thelordismystrengthwoodcarvingYesterday, my Facebook and Twitter  newsfeeds brimmed with outraged and frightened Status updates from  Christians upset that Buzz Feed had “outed” HGTV stars Chip and Joanna Gaines for attending a church that calls homosexuality a sin. While I have concerns about Joanna Gaines, I agree with my social media contacts that their church affiliation should not have any bearing on whether or not they should continue doing their show.

So yeah, they’re being persecuted for belonging to a church that takes a Biblical stand on homosexuality. And yeah, the persecution is entirely unfair. Our country’s Constitution guarantees Freedom of Religion, and their beliefs about homosexuality should not cost them their careers.

Obviously, I happen to agree with their pastor: homosexuality indeed is a sin.

But the social media posts I read yesterday trouble me just as much as Buzz Feed’s attempts to silence evangelicals. Have we forgotten that Jesus promised us that standing for Him and His teachings would necessarily invite persecution. I could cite multiple Scriptures substantiating my point, but today I’ll limit myself to just one.

18 “If the world hates you, know that it has hated me before it hated you. 19 If you were of the world, the world would love you as its own; but because you are not of the world, but I chose you out of the world, therefore the world hates you. 20 Remember the word that I said to you: ‘A servant is not greater than his master.’ If they persecuted me, they will also persecute you. If they kept my word, they will also keep yours. 21 But all these things they will do to you on account of my name, because they do not know him who sent me. 22 If I had not come and spoken to them, they would not have been guilty of sin, but now they have no excuse for their sin. 23 Whoever hates me hates my Father also. 24 If I had not done among them the works that no one else did, they would not be guilty of sin, but now they have seen and hated both me and my Father. 25 But the word that is written in their Law must be fulfilled: ‘They hated me without a cause.’ ~~John 15:18-25 (ESV)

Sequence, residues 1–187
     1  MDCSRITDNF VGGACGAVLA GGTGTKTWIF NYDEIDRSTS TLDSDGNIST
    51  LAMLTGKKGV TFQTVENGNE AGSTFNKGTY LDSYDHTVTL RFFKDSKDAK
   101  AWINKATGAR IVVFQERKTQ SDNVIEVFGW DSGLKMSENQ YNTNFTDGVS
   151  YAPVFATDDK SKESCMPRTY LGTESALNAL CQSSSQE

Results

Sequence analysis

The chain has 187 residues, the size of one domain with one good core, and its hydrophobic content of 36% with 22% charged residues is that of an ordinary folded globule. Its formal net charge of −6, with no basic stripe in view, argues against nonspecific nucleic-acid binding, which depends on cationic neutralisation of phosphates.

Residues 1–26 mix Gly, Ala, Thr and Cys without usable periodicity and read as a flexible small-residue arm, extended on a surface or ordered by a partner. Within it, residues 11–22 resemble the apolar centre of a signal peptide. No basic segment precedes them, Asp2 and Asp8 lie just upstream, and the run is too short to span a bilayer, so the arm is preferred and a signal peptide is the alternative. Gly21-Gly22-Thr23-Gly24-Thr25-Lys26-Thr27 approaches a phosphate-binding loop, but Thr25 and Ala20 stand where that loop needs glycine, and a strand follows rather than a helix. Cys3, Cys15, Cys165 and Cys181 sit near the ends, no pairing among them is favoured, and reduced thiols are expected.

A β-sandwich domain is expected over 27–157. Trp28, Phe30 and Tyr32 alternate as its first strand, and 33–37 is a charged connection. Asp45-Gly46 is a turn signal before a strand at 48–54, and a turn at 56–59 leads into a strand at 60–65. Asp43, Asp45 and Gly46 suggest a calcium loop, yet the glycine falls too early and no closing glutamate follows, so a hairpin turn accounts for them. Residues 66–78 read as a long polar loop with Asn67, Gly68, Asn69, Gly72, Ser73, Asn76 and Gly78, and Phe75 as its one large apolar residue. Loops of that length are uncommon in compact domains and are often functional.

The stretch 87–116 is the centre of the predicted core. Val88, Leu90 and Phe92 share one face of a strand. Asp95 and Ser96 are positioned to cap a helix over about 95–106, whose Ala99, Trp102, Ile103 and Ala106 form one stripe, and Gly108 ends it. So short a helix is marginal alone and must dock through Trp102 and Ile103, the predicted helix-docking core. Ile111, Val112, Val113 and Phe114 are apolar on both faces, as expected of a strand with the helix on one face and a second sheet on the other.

As citizens of the United States of America, Christians have become accustomed to worshiping the Lord Jesus Christ openly and proclaiming His Word without fear of serious reprisal. Throughout history, however, few genuine believers have enjoyed such luxury. And in our own times, many Christians in Communist, Socialist and Islamic countries worship with the understanding that they could suffer censure, property loss, imprisonment or death for Christ’s sake.

Our Founding Fathers may have promised us free exercise of religion, and certainly Christians should take advantage of those dwindling freedoms as long as possible. But Jesus never said that the world would cheer as we stood for His truth. By all means, we must continue saying that God created sex to be enjoyed only within a monogamous, heterosexual marriage. We should say other things based on Scripture, that the world doesn’t like.

But we should never confuse Constitutional promises with Biblical promises. The persecution that Chip and Joanna Gaines currently face is normal Christian life. Rather than being surprised and outraged, we really ought to consider this as an expected consequence of following the Lord. It won’t be easy or pleasant, granted, but God’s grace will carry us through.